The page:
2014 Subaru Forester 2.5i Touring Long-Term Update 2
My second Subaru Care service was just as painless as the first. When it reached more than 15,000 miles, the technicians at Frank Subaru in San Diego replaced my 2.5-liter's 0W-20 oil, oil filter, and oil plug gasket; checked and topped off all fluids; and rotated my freshly filled tires. That's number two of four free services done.
During my dealer visit, I shuffled through the Forester's accessories catalog. That's not a good idea if you're not looking to spend any money. But I gave in, adding cross rails ($180) and Yakima bike carrier ($195) to my standard roof rack; a gunmetal grille at the nose ($430); wind deflectors to passenger windows ($100); and a much-needed cargo cover ($170). All told, it was a $1357 shopping spree (including $186 in labor and $96.73 in taxes). A lot of dough, I know, but the accessories will be of great use to me, an outdoorsy type who likes to roll with his windows down and throw dirty kicks in the trunk. The cargo cover will keep goodies cool and my mind at ease.
My most recent finding: On a six-hour, 250-plus mile drive to Las Vegas, I determined that I'm not a fan of the Forester's infotainment system. Don't get me wrong, the speakers sound great – they're crisp, clear, and loud. It's the controls on the head unit that are the headache. The reaction time between the depression of a digital button and its actuation is languid at best.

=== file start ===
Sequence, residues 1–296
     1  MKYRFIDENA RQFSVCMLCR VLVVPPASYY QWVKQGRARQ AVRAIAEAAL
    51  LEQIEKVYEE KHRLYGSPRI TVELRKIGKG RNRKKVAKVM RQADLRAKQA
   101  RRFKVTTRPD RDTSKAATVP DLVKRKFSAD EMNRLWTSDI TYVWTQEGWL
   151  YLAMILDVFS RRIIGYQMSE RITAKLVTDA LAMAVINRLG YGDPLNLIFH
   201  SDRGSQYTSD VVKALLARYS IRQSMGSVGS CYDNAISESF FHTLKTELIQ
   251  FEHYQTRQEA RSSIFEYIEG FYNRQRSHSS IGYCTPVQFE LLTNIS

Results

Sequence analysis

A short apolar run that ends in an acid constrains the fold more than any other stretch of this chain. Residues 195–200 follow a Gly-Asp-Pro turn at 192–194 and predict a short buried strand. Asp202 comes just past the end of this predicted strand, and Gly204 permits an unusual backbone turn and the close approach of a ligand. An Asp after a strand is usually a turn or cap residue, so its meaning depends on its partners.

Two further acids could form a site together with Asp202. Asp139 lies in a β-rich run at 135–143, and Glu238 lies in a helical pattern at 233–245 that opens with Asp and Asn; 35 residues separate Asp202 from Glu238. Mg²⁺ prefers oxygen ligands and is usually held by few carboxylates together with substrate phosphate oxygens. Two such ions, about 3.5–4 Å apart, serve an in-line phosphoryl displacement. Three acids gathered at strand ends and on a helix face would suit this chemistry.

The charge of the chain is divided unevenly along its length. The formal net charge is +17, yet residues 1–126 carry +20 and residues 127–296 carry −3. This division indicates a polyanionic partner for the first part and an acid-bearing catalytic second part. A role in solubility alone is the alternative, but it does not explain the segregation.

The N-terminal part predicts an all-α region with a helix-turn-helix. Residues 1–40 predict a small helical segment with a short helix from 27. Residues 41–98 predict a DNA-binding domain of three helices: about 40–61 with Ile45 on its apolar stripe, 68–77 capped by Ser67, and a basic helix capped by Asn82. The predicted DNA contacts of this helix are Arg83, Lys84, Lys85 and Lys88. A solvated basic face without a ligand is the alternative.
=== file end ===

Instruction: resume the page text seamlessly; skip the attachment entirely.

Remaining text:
There is also no "direct tune" option for radio frequencies, which means I'm always frustratingly scrolling ever so slowly to my favorite channel. I'd rather pay closer attention to the road than search for a station. Luckily, presets are available, which eases channel surfing stress, and in satellite radio mode, there is a direct channel function. Please give us direct tune for radio, Subaru, and while you're at it, enough with the audiophile equalizer function. Bass/treble/balance adjustments are all I need.
As for good findings, I'm now getting the hang of the hyperactive throttle. The key, I found, is to not touch it at all in low-speed situations. Easing off the brake pedal is usually what's needed to instigate a smooth crawl. Then it's slowly onto the skinny pedal if more speed is desired. Easy as that.
But once up to speed, there is now more wind noise thanks to that cool Yakima bike carrier. Doh.